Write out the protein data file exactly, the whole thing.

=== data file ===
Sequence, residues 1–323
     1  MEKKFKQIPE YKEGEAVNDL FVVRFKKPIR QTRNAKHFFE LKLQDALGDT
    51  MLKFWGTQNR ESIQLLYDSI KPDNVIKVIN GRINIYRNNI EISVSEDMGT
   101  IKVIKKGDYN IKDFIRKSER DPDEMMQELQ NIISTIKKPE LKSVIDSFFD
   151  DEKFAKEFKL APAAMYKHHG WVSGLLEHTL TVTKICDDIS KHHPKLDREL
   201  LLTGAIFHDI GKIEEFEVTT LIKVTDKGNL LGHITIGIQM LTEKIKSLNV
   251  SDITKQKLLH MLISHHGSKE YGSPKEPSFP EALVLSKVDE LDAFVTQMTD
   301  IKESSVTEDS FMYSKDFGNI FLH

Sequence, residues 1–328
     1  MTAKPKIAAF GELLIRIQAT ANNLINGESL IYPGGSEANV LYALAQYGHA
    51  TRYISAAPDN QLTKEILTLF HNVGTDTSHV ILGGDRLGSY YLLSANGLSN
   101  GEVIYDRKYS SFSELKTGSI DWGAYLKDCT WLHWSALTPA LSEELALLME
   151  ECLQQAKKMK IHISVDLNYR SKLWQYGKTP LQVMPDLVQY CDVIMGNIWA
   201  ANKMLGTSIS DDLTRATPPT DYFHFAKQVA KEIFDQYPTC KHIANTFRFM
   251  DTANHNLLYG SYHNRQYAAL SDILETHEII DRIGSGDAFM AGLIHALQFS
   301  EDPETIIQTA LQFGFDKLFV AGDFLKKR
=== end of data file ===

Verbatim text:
Sequence, residues 1–323
     1  MEKKFKQIPE YKEGEAVNDL FVVRFKKPIR QTRNAKHFFE LKLQDALGDT
    51  MLKFWGTQNR ESIQLLYDSI KPDNVIKVIN GRINIYRNNI EISVSEDMGT
   101  IKVIKKGDYN IKDFIRKSER DPDEMMQELQ NIISTIKKPE LKSVIDSFFD
   151  DEKFAKEFKL APAAMYKHHG WVSGLLEHTL TVTKICDDIS KHHPKLDREL
   201  LLTGAIFHDI GKIEEFEVTT LIKVTDKGNL LGHITIGIQM LTEKIKSLNV
   251  SDITKQKLLH MLISHHGSKE YGSPKEPSFP EALVLSKVDE LDAFVTQMTD
   301  IKESSVTEDS FMYSKDFGNI FLH

Sequence, residues 1–328
     1  MTAKPKIAAF GELLIRIQAT ANNLINGESL IYPGGSEANV LYALAQYGHA
    51  TRYISAAPDN QLTKEILTLF HNVGTDTSHV ILGGDRLGSY YLLSANGLSN
   101  GEVIYDRKYS SFSELKTGSI DWGAYLKDCT WLHWSALTPA LSEELALLME
   151  ECLQQAKKMK IHISVDLNYR SKLWQYGKTP LQVMPDLVQY CDVIMGNIWA
   201  ANKMLGTSIS DDLTRATPPT DYFHFAKQVA KEIFDQYPTC KHIANTFRFM
   251  DTANHNLLYG SYHNRQYAAL SDILETHEII DRIGSGDAFM AGLIHALQFS
   301  EDPETIIQTA LQFGFDKLFV AGDFLKKR